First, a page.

A new poll by the National Sleep Foundation finds that pain is a key factor in the gap between the amount of sleep Americans say they need and the amount they’re getting – an average 42 minute sleep debt for those with chronic pain and 14 minutes for those who’ve suffered from acute pain in the past week. The national, random-sample survey establishes the broad impacts of pain-related sleep loss on millions of Americans. Among people who’ve had sleep difficulties in the past week, more than four in 10 of those with chronic pain say those difficulties interfered with their work. That drops to 17 percent of those without pain. People with pain are also far more likely than others to report that lack of sleep interferes with their mood, activities, relationships and enjoyment of life overall.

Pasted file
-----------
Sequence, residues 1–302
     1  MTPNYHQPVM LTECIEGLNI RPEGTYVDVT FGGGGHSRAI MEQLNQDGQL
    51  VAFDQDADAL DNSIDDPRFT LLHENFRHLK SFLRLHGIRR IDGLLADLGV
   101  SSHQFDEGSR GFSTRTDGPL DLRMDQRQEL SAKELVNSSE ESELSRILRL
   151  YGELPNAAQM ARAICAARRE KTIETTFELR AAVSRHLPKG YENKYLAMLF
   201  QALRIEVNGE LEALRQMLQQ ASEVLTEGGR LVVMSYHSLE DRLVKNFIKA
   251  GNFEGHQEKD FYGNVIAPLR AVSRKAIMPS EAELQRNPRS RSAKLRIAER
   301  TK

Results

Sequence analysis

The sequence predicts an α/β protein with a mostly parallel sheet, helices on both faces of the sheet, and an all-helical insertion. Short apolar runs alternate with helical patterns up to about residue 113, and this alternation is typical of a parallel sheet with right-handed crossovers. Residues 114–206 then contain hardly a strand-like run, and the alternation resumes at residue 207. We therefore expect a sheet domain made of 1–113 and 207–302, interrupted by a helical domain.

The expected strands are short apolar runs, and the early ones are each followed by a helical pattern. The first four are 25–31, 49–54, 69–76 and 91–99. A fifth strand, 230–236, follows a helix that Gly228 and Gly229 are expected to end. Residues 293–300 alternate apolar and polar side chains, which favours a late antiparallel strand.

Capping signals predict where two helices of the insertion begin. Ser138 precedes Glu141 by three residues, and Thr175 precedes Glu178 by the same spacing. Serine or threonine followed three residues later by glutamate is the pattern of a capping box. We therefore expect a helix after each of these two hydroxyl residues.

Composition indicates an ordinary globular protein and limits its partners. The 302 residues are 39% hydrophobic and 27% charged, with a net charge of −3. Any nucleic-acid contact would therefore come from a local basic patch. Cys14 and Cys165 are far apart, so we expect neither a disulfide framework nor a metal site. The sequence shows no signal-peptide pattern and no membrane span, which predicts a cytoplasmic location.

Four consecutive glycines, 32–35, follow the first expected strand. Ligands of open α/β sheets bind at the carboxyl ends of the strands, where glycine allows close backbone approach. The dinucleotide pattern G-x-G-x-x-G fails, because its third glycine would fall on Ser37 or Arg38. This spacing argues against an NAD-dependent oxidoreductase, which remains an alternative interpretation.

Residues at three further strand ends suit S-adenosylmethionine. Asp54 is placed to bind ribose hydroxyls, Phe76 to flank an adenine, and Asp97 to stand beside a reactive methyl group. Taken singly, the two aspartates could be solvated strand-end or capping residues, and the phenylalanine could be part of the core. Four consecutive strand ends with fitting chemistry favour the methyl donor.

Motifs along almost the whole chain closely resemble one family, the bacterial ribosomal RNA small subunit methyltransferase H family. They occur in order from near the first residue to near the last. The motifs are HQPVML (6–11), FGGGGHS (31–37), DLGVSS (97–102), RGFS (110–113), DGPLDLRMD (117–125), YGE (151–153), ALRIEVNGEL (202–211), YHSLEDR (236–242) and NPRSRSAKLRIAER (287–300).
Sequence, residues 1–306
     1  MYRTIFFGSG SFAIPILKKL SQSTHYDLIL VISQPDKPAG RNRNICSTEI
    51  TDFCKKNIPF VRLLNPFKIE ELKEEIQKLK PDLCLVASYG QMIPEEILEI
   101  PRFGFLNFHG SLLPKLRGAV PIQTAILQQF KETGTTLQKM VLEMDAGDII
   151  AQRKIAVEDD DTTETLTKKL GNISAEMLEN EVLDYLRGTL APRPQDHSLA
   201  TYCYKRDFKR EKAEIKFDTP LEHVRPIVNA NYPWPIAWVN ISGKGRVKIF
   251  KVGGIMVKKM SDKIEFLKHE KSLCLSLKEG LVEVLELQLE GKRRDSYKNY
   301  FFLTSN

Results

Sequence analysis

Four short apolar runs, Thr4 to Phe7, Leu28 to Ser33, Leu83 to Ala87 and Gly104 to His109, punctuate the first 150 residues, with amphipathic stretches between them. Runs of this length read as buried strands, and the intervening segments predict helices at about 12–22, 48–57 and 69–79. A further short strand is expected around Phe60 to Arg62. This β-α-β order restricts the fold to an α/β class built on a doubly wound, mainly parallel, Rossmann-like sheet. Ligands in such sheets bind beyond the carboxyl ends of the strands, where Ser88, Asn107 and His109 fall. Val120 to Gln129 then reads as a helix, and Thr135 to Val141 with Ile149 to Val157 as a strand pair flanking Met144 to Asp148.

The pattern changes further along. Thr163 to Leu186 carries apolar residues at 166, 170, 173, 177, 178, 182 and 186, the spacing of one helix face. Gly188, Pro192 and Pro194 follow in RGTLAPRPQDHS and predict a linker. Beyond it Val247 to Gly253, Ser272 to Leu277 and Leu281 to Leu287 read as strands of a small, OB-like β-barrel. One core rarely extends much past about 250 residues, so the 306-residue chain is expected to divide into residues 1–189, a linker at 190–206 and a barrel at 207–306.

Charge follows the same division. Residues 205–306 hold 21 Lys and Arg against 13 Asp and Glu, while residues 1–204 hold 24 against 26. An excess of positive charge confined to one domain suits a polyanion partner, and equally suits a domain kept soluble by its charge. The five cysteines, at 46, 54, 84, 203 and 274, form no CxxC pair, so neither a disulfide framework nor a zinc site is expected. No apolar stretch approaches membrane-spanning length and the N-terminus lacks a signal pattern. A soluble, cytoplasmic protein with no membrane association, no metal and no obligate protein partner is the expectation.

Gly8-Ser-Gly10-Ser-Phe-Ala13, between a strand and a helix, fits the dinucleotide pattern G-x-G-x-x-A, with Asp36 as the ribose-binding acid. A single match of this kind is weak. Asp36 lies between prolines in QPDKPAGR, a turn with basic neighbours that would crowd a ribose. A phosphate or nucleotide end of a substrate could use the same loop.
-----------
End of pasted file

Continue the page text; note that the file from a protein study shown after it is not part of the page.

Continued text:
While both chronic and acute pain relate to lost sleep, the survey indicates that chronic pain is an especially powerful problem. Indeed, nearly one in four people with chronic pain, 23 percent, say they’ve been diagnosed with a sleep disorder by a doctor, compared with just 6 percent of all others. But the poll also found that the sleep differential narrows significantly in patients who make sleep, and the adoption of good sleep habits a priority. Respondents who said they were very or extremely motivated to get enough sleep reported sleeping 36 more minutes per night across the week compared with others (7.3 vs. 6.7 hours). Even among those with pain, a higher motivation to get sleep was associated with longer sleep durations and better sleep quality. Read a news release from the National Sleep Foundation, with link to the poll results, here.